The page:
The third piece of equipment to take with you while freeride is a transceiver. A transceiver is a small device worn inside your jacket or vest. This device helps search and rescue parties find you if you are injured, passed out, or dead. A transceiver is one of the main reasons why people are recovered from avalanches. Without this device, there would be no way to find a person buried under tons of snow.

Best places to Freeride


Just because an area has skiing and snowboarding, that doesn’t mean there are great places to freeride. You must find a place that regularly receives snowfall and is surrounded by sloping mountainsides and hills. 

One of the best winter countries in the world to discover great freeriding areas is Canada. Much of the country has snow for half of the year. Along with thick blankets of snow, Canada is covered in dense forest and beautiful mountain ranges. Here are two great places that you can explore when you finally become advanced enough to freeride.

North Okanagan

The first place you should explore in Canada is North Okanagan. With a forest that expands farther than the eye can see, there is no limit to what you’ll discover when exploring the forest and the mountainsides. The area surrounding the lake is for advanced skiers only, as it will take you far off the beaten path away from everyone. It has plenty of trails and hills to ride and navigate. In the winter, North Okanagan has some of the thickest snowfalls in the whole country.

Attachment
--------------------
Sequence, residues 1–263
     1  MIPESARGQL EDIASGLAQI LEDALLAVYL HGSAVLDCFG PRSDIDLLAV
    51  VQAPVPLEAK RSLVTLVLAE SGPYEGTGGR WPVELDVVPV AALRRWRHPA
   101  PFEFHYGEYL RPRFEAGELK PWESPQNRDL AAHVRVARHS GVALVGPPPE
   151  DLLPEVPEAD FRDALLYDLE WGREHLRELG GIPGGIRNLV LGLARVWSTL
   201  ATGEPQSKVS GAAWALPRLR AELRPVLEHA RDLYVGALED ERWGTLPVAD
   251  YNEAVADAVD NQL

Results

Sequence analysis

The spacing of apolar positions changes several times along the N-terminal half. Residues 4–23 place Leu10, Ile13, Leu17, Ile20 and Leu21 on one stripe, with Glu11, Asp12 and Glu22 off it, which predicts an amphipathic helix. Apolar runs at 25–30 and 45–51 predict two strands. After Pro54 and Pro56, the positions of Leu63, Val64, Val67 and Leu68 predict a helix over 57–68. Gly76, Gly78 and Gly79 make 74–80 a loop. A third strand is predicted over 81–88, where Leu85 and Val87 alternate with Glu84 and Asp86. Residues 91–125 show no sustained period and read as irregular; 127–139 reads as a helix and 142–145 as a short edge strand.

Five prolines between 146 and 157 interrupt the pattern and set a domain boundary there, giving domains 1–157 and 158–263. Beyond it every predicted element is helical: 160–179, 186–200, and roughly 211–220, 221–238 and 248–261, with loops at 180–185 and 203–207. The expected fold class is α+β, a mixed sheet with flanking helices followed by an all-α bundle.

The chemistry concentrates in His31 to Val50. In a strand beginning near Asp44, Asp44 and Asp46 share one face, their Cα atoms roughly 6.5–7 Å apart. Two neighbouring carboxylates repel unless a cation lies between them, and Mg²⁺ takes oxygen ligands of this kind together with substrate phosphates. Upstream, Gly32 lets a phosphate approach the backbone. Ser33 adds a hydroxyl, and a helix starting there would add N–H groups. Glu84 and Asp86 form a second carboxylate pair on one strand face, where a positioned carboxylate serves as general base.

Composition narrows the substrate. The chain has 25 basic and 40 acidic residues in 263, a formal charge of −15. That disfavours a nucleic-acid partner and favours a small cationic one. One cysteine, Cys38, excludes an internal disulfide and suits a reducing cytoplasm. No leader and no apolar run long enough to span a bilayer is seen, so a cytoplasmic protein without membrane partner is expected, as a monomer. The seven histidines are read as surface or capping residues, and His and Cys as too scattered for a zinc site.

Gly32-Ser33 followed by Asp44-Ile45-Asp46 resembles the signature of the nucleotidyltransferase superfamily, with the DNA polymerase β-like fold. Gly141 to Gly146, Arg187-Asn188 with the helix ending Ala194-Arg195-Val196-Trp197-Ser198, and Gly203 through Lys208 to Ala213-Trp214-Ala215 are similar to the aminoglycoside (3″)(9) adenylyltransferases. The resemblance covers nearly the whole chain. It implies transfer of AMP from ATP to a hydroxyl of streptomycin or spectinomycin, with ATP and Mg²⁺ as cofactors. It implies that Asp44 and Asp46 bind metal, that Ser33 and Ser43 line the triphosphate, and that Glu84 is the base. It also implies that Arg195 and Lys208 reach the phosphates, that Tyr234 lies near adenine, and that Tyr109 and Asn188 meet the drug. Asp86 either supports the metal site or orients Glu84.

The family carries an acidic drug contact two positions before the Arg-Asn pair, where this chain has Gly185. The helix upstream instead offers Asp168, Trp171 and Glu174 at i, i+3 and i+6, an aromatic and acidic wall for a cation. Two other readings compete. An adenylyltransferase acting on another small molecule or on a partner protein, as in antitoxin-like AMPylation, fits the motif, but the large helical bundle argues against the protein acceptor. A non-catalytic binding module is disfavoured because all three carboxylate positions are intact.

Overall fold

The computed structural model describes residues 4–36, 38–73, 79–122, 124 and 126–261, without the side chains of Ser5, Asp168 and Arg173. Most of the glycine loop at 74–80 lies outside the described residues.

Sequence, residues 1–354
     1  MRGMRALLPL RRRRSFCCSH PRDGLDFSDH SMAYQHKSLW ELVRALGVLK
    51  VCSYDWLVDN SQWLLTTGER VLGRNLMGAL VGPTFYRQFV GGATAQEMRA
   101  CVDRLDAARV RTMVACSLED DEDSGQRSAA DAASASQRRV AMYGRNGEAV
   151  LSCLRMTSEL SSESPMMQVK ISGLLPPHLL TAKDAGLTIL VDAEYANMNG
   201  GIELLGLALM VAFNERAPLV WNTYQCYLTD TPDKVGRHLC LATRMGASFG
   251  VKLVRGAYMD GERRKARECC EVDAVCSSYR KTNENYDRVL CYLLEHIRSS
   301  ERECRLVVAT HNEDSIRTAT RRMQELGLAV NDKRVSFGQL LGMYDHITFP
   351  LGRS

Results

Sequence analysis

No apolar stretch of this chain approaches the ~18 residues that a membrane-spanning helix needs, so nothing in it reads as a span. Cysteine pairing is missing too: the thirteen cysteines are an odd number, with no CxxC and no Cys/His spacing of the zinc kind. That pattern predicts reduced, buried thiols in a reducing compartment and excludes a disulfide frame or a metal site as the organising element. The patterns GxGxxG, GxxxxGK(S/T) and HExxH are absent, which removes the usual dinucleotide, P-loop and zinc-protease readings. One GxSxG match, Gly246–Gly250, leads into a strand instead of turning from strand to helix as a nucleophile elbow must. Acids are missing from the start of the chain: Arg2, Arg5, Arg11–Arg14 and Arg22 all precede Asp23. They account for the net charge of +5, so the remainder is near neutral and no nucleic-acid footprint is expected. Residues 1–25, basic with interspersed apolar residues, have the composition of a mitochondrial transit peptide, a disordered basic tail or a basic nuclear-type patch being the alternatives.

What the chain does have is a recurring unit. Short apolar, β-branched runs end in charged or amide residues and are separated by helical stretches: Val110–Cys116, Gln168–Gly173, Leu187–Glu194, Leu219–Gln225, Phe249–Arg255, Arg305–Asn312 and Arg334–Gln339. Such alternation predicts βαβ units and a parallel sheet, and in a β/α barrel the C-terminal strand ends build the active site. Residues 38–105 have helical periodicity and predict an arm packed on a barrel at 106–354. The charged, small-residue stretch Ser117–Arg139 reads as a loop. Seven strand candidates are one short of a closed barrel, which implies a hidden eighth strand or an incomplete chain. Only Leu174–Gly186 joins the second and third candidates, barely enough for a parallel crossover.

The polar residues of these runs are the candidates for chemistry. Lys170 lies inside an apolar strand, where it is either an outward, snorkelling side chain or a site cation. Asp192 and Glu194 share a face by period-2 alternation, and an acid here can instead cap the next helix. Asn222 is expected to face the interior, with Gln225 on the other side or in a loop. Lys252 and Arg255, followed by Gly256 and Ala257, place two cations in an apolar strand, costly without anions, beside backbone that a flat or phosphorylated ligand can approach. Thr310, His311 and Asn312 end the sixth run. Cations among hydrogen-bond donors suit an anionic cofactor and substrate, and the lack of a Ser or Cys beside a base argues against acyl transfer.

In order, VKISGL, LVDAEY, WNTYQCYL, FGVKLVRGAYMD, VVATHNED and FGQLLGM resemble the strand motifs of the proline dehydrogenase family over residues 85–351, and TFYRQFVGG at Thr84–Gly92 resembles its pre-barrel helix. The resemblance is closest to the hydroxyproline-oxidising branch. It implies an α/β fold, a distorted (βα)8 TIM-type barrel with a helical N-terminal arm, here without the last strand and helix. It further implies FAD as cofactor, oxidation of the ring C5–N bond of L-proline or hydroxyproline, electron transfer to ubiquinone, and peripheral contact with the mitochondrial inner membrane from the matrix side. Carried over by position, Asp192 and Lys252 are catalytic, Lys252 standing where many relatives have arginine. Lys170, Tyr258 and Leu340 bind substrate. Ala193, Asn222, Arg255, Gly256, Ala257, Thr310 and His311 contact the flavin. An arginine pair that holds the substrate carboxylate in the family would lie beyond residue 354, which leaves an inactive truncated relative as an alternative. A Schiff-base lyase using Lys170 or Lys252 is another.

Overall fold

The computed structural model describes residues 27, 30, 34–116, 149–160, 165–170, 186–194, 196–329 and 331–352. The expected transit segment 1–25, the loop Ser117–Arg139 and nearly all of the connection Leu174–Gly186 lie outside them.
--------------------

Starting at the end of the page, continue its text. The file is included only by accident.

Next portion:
Mount Morrissey and Sundance Mountain

The next place you should explore is Mount Morrissey and Sundance Mountain, which are in British Columbia. One-third of all the slopes on these mountains are extremely difficult, and the worst trail is known as Freddy’s nightmare. This dangerous trail is only 2.2 miles long, but you will drop 1200 ft in elevation. And if you return during the summer, you’ll find great off-roading and mountain biking trails where you once skied.


Freeriding is not for beginners. Before you decide to embark on freeriding or even off-piste skiing, you will need a good amount of experience under your belt. When you’re finally ready, be sure to take a transceiver and an emergency signal so search and rescue can find you if you’re injured or lost. And, always inform someone else where you are going and what time you should be back. No matter what section of the globe you are in, you can always find great places to freeride. You just need to go to a slope or mountain side with lots of forests, hills, and unexplored lands. Don’t forget to charge your smart phone so you can take pictures of all the wonderful secret skiing areas you can find!

Categories: How to


Harry Sowers

Harry grew up outside of Denver Colorado and has been skiing and snowboarding since he was 3. He is most passionate about skiing and when he was in college at UC Boulder he even participated in the olympic trials for the USA Olympic Downhill Ski team.